The Dominic Murray Sudden Cardiac Arrest Prevention Act is a new law as of July 1, 2022. This law requires schools, students, and parents/guardians have information on sudden cardiac arrest risks, signs, and symptoms. Please note that sudden cardiac arrest in children and youth is rare. The incidence of sudden cardiac death (SCD) on the playing field is 0.61 in 100,000.
Sudden Cardiac Arrest (SCA) is an emergency that happens when the heart suddenly stops working. SCA can cause death if not treated immediately, and even with treatment death may occur. Immediate treatment is cardiopulmonary resuscitation (CPR) and use of an automatic external defibrillator (AED). All public schools must have a staff member trained in the use of CPR and AED in school and at all school athletic events.
Preventing SCA before it happens is the best way to save a life . Both your family health history and your child’s personal history must be told to healthcare providers to help them know if your child is at risk for sudden cardiac arrest. Ask your child if they are having any of the symptoms listed below and tell a healthcare provider. Know your family history and tell a healthcare provider of any risk factors listed below.
The signs or symptoms are:
- Fainting or seizure, especially during or right after exercise or with excitement or startled
- Racing heart, palpitations, or irregular heartbeat
- Dizziness, lightheadedness, or extreme fatigue with exercise
- Chest pain or discomfort with exercise
- Excessive shortness of breath during exercise
- Excessive, unexpected fatigue during or after exercise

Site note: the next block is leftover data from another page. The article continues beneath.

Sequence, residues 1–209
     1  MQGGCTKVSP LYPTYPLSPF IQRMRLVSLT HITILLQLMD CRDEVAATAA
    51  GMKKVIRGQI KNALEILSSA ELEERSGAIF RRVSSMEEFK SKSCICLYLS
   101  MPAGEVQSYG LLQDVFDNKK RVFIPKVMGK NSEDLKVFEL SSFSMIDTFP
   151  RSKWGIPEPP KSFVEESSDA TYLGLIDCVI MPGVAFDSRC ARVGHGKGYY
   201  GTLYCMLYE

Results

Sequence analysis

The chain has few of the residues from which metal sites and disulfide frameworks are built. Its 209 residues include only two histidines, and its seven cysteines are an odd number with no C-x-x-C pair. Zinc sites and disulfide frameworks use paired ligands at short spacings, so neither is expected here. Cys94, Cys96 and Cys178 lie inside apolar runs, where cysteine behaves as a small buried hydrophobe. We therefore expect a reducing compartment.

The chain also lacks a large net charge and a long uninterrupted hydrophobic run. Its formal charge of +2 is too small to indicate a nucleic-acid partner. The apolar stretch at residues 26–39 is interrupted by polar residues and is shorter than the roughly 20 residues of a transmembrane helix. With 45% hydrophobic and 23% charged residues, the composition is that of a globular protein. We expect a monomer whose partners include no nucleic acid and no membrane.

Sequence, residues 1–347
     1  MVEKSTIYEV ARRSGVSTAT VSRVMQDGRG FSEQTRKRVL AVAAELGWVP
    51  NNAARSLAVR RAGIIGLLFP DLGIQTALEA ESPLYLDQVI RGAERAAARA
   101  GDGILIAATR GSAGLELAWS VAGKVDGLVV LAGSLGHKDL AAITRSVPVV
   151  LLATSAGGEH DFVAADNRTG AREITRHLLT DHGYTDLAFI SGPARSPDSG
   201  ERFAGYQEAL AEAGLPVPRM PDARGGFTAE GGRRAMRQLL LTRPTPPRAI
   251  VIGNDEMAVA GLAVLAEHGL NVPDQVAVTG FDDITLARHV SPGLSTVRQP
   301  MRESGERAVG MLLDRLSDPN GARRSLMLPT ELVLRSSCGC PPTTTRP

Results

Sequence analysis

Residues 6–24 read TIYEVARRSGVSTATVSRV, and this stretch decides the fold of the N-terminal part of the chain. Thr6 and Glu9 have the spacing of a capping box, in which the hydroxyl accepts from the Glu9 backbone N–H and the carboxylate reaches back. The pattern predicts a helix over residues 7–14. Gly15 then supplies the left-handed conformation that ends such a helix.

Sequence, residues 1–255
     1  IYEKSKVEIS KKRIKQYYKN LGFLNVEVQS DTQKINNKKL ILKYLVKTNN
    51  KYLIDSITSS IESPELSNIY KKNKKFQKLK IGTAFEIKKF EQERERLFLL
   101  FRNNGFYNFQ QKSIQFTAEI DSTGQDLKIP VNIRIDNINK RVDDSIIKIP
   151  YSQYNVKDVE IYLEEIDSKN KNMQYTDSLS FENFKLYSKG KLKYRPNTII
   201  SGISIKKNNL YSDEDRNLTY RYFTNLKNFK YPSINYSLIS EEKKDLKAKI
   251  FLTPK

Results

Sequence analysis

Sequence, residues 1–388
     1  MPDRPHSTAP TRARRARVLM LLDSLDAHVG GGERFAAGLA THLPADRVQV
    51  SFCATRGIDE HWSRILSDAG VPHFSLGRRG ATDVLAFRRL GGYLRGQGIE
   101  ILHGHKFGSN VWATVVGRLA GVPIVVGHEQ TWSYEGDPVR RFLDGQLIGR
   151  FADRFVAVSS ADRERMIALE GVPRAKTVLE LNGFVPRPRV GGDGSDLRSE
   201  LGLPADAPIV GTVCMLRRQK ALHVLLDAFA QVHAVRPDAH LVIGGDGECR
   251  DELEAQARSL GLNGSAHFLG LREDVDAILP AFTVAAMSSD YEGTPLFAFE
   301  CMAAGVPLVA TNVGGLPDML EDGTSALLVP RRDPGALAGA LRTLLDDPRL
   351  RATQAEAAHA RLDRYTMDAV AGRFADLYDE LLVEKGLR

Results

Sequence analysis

Student’s Personal Risk Factors are:
- Use of diet pills, performance-enhancing supplements, energy drinks, or drugs such as cocaine, inhalants, or “recreational” drugs. 
- Elevated blood pressure or cholesterol
- History of health care provider ordered test(s) for heart related issues
Student’s Family History Risk Factors are:
- Family history of known heart abnormalities or sudden death before 50 years of age
- Family members with unexplained fainting, seizures, drowning, near drowning or car accidents before 50 years of age
- Structural heart abnormality, repaired or unrepaired
- Any relative diagnosed with the following conditions:
- Enlarged Heart/ Hypertrophic Cardiomyopathy/Dilated Cardiomyopathy
- Arrhythmogenic Right Ventricular Cardiomyopathy
- Heart rhythm problems, long or short QT interval
- Brugada Syndrome
- Catecholaminergic Ventricular Tachycardia
- Marfan Syndrome- aortic rupture
- Heart attack at 50 years or younger
- Pacemaker or implanted cardiac defibrillator (ICD)
SCA in students at risk can be triggered by athletic activities. To decrease any chance of SCA in a student, the Interval Health History for Athletics must be completed and signed by a parent/guardian before each sports season unless a physical examination has been conducted within 30 days before the start of the season. This form has questions to help identify changes since the last physical examination or health history was completed. School personnel may require a student with health or history changes to see a healthcare provider before participating in athletics.
Finally, the law requires any student who has signs and symptoms of pending SCA be removed from athletic activity until seen by a physician. The physician must provide written clearance to the school for the student to be able to return to athletics.
Please contact the State Education Department’s Office of Student Support Services for questions at email@example.com or 518-486-6090.
For New York State Department of Health information on SCA in youth, click here.
 Maron BJ, Doerer JJ, Haas TS, et al. Sudden deaths in young competitive athletes: analysis of 1866 deaths in the United States, 1980-2006. Circulation 2009;119:1085-92. 10.1161/CIRCULATIONAHA.108.804617